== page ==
02 April 2015


A Creative DC is a weekly series showcasing all aspects of a creative lifestyle in the District. The city's full and part-time doers and makers, how + where they live, gather, and create, and what they do, make, and notice. For more about the project click here. Follow along here at Panda Head and at @aCreativeDC on Instagram, and hashtag your own DC lifestyle with #aCreativeDC. Your life looks good here.

I've posted about sweetgreen in schools on the @aCreativeDC instagram feed before – a series of wellness workshops that educate kids about healthy eating, fitness and sustainability through fun, hands-on activities, I'm such a fan of its passion + purpose. Taught in classrooms and – field-trip style – at sweetgreen locations across DC, MD, VA and NYC, more often than not Atara Bernstein is at the helm, and I've been so thrilled to get to know her – and about the program at large – over the last couple of months. I tagged along to Seaton Elementary last week for a m u s i c a l lesson that involved local dreampop trio The Walking Sticks (they'll be playing the sweetlife festival coming up in May), and I'm not sure if I'm going to be able to fully get across how adorable – and valuable – it was to experience. Between the tambourines and the writing workshop (in which the fourth graders in attendance came up with veggie-themed lyrics to Pharrell's "Happy"), I found myself clapping along more than I did camera click-click-clicking. Big thanks to Atara + sweetgreen for having me, and more with Atara below.

"Music is a powerful tool. Music is viral- it gets stuck in your head subliminally and unintentionally. Think about a situation where you're driving in the car and you hear a Taylor Swift song, and then later in the supermarket, you hear that song in your head- completely unwarranted. Think about the possibilities for our youth if we replaced the lyrics of that Taylor Swift song with positive empowering messages about health + wellness. Imagine the impact that we could have.... it's pretty influential. Music can transmit and deliver potent ideas. This is why music is a part of our DNA at sweetgreen, and SGIS."

How did you start working with sweetgreen?
I was originally hired as a teacher for sweetgreen's "sweetgreen in schools" program...My background is in environmental and experiential learning, so the teaching aspect of the job came naturally to me. Over time I began to take on more responsibility, and I'm now recruiting, managing school partnerships, and developing long term strategy for the program.

"Cute quote from a student at Maury ES after attending a sweetgreen in schools class at sweetgreen Capitol Hill: 'This field trip changed my entire opinion about salad! I used to hate spinach, and now I like it! I can't wait to share my salad with my dad tonight and we can start eating spinach together!'"

You are SO GOOD with kids. Can you talk about your first time in a classroom?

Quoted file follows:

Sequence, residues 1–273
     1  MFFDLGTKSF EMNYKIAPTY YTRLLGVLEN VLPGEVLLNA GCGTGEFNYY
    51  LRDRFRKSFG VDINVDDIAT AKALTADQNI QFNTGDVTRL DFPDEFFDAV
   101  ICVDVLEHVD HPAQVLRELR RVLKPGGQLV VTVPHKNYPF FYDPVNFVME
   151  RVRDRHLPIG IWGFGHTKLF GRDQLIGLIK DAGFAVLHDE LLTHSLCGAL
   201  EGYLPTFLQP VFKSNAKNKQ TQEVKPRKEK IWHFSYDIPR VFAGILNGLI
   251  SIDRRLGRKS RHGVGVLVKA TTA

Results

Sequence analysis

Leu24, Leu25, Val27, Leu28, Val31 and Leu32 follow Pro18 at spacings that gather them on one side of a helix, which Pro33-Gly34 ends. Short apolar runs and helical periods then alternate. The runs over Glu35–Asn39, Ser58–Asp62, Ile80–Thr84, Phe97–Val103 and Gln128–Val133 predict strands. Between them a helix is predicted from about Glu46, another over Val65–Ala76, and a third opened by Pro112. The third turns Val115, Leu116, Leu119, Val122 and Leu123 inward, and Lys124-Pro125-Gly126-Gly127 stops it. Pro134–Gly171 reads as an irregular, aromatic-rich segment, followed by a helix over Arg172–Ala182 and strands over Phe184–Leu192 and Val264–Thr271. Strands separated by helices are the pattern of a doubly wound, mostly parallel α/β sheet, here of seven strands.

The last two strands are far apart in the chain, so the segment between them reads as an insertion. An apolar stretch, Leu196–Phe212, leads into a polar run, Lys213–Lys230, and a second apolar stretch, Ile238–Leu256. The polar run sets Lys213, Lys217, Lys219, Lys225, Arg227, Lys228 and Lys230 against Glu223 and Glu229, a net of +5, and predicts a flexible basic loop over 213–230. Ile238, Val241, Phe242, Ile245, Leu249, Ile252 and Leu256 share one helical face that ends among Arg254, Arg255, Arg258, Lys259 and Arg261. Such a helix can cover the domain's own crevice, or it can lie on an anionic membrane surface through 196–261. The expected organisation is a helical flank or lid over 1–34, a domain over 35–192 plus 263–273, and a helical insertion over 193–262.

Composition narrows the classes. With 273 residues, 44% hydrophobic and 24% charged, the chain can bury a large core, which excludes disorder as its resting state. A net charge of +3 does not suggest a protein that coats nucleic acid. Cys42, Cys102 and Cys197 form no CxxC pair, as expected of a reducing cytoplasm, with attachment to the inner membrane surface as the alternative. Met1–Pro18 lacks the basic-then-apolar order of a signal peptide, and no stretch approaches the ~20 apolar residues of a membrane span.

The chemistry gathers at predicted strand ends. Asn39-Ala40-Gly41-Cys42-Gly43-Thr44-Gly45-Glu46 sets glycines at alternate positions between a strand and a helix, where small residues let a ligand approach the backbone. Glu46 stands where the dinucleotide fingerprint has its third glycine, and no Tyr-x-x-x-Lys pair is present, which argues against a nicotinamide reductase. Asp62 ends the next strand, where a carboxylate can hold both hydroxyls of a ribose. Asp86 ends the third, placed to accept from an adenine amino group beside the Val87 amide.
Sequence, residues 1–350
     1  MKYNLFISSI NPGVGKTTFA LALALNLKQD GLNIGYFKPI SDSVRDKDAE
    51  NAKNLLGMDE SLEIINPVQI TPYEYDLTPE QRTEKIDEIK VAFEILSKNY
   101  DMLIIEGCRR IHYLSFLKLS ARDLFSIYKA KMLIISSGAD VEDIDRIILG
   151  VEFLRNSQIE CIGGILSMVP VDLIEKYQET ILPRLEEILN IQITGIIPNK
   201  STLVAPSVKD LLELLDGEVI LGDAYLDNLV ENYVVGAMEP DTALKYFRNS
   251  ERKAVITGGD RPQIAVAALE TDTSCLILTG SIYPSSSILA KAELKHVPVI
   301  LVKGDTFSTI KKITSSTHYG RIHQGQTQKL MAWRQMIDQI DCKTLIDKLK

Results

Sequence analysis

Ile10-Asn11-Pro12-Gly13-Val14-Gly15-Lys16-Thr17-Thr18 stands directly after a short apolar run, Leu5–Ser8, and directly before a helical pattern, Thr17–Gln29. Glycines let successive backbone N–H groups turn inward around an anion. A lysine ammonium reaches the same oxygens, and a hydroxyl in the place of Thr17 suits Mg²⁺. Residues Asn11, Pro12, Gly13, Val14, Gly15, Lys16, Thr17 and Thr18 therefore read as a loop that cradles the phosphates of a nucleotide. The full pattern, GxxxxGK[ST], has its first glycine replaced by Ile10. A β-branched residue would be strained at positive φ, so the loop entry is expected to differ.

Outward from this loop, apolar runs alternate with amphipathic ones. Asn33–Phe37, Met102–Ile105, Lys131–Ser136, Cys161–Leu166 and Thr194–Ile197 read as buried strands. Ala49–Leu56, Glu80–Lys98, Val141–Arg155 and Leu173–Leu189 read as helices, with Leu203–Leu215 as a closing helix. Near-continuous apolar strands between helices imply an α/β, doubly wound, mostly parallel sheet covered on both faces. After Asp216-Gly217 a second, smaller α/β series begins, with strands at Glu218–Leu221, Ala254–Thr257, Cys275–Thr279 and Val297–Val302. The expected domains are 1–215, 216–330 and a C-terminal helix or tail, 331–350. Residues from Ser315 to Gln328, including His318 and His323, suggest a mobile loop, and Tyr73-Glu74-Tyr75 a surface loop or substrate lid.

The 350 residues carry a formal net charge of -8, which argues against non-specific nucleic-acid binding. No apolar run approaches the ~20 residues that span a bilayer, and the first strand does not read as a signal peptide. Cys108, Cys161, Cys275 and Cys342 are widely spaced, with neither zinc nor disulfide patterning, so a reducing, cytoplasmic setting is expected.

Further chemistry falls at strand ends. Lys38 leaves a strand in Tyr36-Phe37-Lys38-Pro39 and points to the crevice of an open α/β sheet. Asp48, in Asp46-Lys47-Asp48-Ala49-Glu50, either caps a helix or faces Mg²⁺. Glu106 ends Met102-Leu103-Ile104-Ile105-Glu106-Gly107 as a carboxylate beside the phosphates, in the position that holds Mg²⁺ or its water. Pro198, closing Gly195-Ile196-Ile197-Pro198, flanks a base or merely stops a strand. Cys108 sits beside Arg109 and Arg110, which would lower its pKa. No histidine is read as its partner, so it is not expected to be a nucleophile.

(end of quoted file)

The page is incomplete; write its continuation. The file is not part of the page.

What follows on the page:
My first class was our Eat the Rainbow lesson, where kids learn about the benefits of eating a colorful diet. The lesson concludes with a rainbow salad making and tasting session. To my very pleasant surprise, while some students were a bit nervous about trying fruits and veggies, ALL of the students were transformed after they tried their rainbow salad that they made at the end of the lesson. This has really changed the way that I approach the tasting section of the lessons. I now encourage all of my students to give new healthy foods a try. Even if they don't care for the new ingredient, exposure is key, and may ultimately lead to a new attitude towards fruits and veggies.

...And what have you learned since? 
 Despite warnings from other adults, kids want to be healthy. They want to take care of their bodies, their minds, and their hearts. Most importantly, when given the chance, kids love fresh, real food! We all have a responsibility to offer kids more opportunities to be healthy. The more they try new foods, the more likely they are to make better food choices.

How did SGIS start?
It started as a series of chef demonstrations during Growing Healthy Schools Week (District-wide celebration of farm to school programs) in 2010. We had an epiphany that nutrition education was a really simple, yet powerful way to give back to our community. The idea of sweetgreen in schools was incubated during that week, and has since flourished into comprehensive wellness education program, involving more than 2,000 students each year.

What will the SGIS presence at sweetlife be? And who are you excited to see?!
Proceeds will support sweetgreen in schools, and FoodCorps, our national charity partner. [And] WET and The Walking Sticks, of course!

How can people get involved with SGIS?
We have some cool volunteer opportunities at our workshops. Email me if you'd like to get involved!

sweetgreen in schools
The Walking Sticks bandcamp




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